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Montana: What to expect on election night

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Montana’s elected offices have increasingly been won by Republicans, with the GOP winning all the statewide partisan elected offices, including the governorship, in 2020. Former President Donald Trump won 56% of the Montana vote in both 2016 and 2020. Republicans have a strong majority in both houses of the Legislature. The GOP is just two seats short of holding a two-thirds majority in the 150-member legislature; such a majority is needed for lawmakers to put constitutional amendments on the ballot.

Montana’s ballot also includes a legislative referendum that would threaten health care providers with fines and jail time if they do not provide life-saving medical care to infants born alive, including after an attempted abortion. Opponents argue the proposal would lead to unnecessary and futile care being given to infants who are born with fatal medical conditions, rather than allowing the family to hold them and keep them comfortable.

Another ballot issue is a constitutional amendment to protect electronic data and communications from unreasonable search and seizure.

Here’s a look at what to expect on election night:

Election Night

Polls close in Montana at 8 p.m. local time (10 p.m. Eastern). Montana counts more than 90% of its votes by mid day the day after Election Day. In part, this is because the counties can make sure ballots are cast legally prior to Election Day and can remove ballots from secrecy envelopes and put them in locked ballot boxes three business days prior to Election Day. Also, counties may start counting ballots one day prior to Election Day if the votes are counted with a machine. Votes are only counted on Election Day in precincts where they are counted by hand.

How Montana Votes

Most of Montana votes absentee. This is a combination of what the state calls “absentee in person” voting prior to Election Day and absentee votes cast by mail sent to a county election office. The reasons for this include the distance a voter may need to drive to get to a polling place as well as the unpredictability of Election Day weather in November in Montana.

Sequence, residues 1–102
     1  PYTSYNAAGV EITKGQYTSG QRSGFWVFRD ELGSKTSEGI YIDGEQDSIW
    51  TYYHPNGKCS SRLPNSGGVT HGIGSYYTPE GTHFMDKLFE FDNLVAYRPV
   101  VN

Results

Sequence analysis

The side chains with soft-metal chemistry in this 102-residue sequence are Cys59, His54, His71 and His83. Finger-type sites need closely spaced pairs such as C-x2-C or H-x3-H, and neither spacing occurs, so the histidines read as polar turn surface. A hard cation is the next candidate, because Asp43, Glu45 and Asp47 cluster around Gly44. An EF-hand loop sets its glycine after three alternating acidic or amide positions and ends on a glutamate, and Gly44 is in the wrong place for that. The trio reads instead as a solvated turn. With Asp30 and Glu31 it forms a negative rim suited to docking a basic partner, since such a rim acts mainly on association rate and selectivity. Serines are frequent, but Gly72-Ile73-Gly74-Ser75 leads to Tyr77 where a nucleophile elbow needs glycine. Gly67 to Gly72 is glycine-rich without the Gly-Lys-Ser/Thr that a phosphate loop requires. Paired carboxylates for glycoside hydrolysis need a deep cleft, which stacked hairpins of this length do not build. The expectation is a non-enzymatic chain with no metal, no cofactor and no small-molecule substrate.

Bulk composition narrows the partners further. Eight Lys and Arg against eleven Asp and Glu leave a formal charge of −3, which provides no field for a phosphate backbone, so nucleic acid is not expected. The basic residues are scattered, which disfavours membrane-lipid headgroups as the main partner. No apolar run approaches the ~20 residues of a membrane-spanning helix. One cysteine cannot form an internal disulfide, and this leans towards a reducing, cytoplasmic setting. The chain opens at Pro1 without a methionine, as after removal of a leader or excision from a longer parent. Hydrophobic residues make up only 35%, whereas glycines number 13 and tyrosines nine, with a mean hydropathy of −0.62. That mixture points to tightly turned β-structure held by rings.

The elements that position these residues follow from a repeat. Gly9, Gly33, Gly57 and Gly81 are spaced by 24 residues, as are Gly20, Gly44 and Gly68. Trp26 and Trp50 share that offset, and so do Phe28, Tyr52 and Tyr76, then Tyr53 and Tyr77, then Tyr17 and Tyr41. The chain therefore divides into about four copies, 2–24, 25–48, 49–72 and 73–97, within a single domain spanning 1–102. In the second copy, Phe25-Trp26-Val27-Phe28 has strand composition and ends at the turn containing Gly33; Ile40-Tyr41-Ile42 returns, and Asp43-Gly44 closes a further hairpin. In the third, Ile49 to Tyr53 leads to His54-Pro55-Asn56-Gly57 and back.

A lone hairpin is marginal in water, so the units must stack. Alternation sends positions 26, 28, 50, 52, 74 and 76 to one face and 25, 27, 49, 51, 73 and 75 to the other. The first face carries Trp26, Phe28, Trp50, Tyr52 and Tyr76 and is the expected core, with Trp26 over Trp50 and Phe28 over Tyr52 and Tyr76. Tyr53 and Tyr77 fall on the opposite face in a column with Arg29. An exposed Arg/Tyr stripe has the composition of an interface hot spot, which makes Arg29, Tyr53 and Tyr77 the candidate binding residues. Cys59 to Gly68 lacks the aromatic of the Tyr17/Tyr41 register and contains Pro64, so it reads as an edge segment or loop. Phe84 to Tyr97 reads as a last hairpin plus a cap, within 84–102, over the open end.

While voters may cast ballots in person on Election Day, most voters have already voted by that time. In fact, most Montana voters are on a permanent absentee status, meaning they will always vote by absentee ballot. In the 2020 general election, more than 98% of all voters cast their ballots by mail or in person prior to Election Day. However, pre-pandemic elections had between 65 and 73 percent of all ballots cast prior to Election Day.

The most populous counties in Montana are Yellowstone, Missoula, Gallatin, Flathead, Cascade and Lewis & Clark. Republicans are strong across the state and hold all current statewide offices, except for one U.S. Senate seat and the nonpartisan state Supreme Court posts. Democratic strongholds are in the cities of Missoula, Bozeman and Helena and the Butte/Anaconda area along with tribal communities.

Decision Notes

AP will tabulate and declare winners in 97 contested elections in Montana, including two statewide races, two ballot issues, and two U.S. House races. Because of redistricting after the 2020 Census, Montana now has two U.S. House seats. In the 2020 general election, AP first reported results at 10:06 p.m. Eastern Time and had 94% of results at Noon Eastern Time Wednesday, November 4. All votes were counted by just after 2:30 p.m. on Thursday.

AP does not make projections or name apparent or likely winners. Only when AP is fully confident a race has been won—defined most simply as the moment a trailing candidate no longer has a path to victory—will we make a call. Should a candidate declare victory or offer a concession before AP calls a race, we will cover newsworthy developments in our reporting. In doing so, we will make clear that AP has not yet declared a winner and explain the reason why we believe the race is too early or too close to call.

The AP may call a statewide or U.S. House race in which the margin between the top two candidates is 0.5% or less, if we determine the lead is too large for a recount to change the outcome.